Background: Previous studies have reported the relationship between thyroid hormone levels and mortality in dialysis patients. However, little is known about the association of free thyroxine (fT4) and mortality in patients on peritoneal dialysis (PD). This study investigated the association between basal and annual variation in fT4 level and mortality in PD patients. Methods: Patients on maintenance PD were enrolled from a prospective multicenter cohort study in Korea; their serum triiodothyronine, fT4, and thyroid-stimulating hormone levels were measured 12 months apart. Patients with overt thyroid disease and those receiving thyroid hormone replacement therapy were excluded from the analysis. Patients were divided into two groups based on the median levels of fT4. The differences of all-cause, infection-related, and cardiovascular mortalities were analyzed between the two groups. The association of basal levels and annual variation with mortality was investigated with Kaplan-Meier curves and Cox proportional hazard models. Results: Among 235 PD patients, 31 (13.2%) deaths occurred during the mean follow-up period of 24 months. Infection (38.7%) was the most common cause of death. Lower basal fT4 levels were an independent predictor of all-cause and infection-related death (hazard ratio [HR]=2.74, 95% confidence interval [CI] 1.27-5.90, P=0.01, and HR=6.33, 95% CI 1.16-34.64, P-0.03, respectively). Longitudinally, patients with persistently lower fT4 levels during the 12-month period had significantly higher all-cause mortality than those with persistently higher levels (HR=3.30, 95% CI 1.15-9.41, P=0.03). The area under the receiver operating characteristic curve of fT4 for predicting all-cause and infection-related mortality was 0.60 and 0.68, respectively. Conclusions: fT4 level is an independent predictor of mortality and is especially attributable to infection in PD patients. This predictor was consistent when considering both baseline measurements and annual variation patterns. Close attention to infection in PD patients with relatively lower fT4 levels should be considered.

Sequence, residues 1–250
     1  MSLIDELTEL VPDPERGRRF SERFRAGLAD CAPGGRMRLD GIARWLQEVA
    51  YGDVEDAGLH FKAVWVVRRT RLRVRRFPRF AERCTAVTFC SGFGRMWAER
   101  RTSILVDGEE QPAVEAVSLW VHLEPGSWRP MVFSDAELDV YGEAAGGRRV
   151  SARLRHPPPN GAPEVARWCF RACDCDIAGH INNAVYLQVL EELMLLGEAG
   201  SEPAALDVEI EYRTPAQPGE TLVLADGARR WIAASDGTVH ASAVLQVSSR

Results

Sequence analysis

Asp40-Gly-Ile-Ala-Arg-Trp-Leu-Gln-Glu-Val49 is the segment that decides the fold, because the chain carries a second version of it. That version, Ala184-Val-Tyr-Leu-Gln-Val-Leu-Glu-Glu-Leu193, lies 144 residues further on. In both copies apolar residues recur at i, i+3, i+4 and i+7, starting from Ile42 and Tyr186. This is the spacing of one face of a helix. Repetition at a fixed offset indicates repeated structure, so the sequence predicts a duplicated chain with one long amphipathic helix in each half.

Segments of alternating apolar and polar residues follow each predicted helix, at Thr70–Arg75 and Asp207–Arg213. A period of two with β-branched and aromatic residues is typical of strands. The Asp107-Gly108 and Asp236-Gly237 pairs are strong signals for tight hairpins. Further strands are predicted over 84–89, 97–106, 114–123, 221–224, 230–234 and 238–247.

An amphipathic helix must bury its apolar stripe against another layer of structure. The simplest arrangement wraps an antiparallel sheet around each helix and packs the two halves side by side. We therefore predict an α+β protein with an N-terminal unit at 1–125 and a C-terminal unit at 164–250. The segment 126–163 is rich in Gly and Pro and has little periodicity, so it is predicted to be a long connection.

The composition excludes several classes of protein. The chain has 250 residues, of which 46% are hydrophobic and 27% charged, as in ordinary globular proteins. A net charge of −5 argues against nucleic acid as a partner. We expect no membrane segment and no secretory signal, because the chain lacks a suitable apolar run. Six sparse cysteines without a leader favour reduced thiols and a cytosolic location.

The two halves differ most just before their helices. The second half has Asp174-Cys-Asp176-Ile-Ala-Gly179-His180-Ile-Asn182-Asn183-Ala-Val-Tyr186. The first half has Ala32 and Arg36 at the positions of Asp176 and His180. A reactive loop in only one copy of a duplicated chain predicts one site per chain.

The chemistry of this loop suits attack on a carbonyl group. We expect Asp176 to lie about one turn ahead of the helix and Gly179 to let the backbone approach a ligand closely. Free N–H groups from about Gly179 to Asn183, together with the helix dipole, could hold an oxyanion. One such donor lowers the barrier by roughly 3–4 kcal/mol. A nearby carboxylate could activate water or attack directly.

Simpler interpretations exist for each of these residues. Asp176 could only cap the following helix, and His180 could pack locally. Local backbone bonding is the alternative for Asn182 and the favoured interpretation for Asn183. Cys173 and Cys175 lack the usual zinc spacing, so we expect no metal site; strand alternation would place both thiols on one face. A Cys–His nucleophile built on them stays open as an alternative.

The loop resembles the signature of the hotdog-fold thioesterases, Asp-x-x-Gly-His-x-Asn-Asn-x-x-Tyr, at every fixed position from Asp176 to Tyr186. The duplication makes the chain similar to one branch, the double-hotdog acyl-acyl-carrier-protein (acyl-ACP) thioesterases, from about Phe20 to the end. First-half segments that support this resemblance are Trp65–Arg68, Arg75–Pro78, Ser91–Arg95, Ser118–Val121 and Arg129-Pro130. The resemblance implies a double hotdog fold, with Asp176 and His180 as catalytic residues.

Bibliographical noteFunding Information:
This study was supported by a grant from the Korean Healthcare Technology R&D Project, Ministry for Health and Welfare, Republic of Korea (HI10C2020 and A111345), and a National Research Foundation grant funded by the Korea Government (MEST) (No. 20100019392). The funders had no role in study design, data collection and analysis, decision to publish, or preparation of the manuscript.
© 2014 Jung et al.
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